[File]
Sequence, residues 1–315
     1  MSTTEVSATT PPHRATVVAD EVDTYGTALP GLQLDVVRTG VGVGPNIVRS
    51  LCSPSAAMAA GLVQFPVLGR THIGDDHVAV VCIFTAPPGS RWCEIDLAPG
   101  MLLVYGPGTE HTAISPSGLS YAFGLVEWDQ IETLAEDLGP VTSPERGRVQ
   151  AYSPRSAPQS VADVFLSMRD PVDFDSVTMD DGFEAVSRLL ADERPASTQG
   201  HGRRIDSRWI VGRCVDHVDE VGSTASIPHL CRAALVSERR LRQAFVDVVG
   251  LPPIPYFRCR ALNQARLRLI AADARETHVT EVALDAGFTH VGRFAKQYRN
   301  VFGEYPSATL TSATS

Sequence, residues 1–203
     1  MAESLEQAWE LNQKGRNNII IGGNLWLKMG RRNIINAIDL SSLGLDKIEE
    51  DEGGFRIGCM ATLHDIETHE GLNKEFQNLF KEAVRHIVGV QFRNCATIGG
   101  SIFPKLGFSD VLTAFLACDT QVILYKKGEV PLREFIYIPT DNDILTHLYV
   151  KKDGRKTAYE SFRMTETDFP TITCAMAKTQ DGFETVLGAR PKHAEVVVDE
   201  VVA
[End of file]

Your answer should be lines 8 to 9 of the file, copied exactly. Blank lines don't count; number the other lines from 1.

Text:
   301  VFGEYPSATL TSATS

Sequence, residues 1–203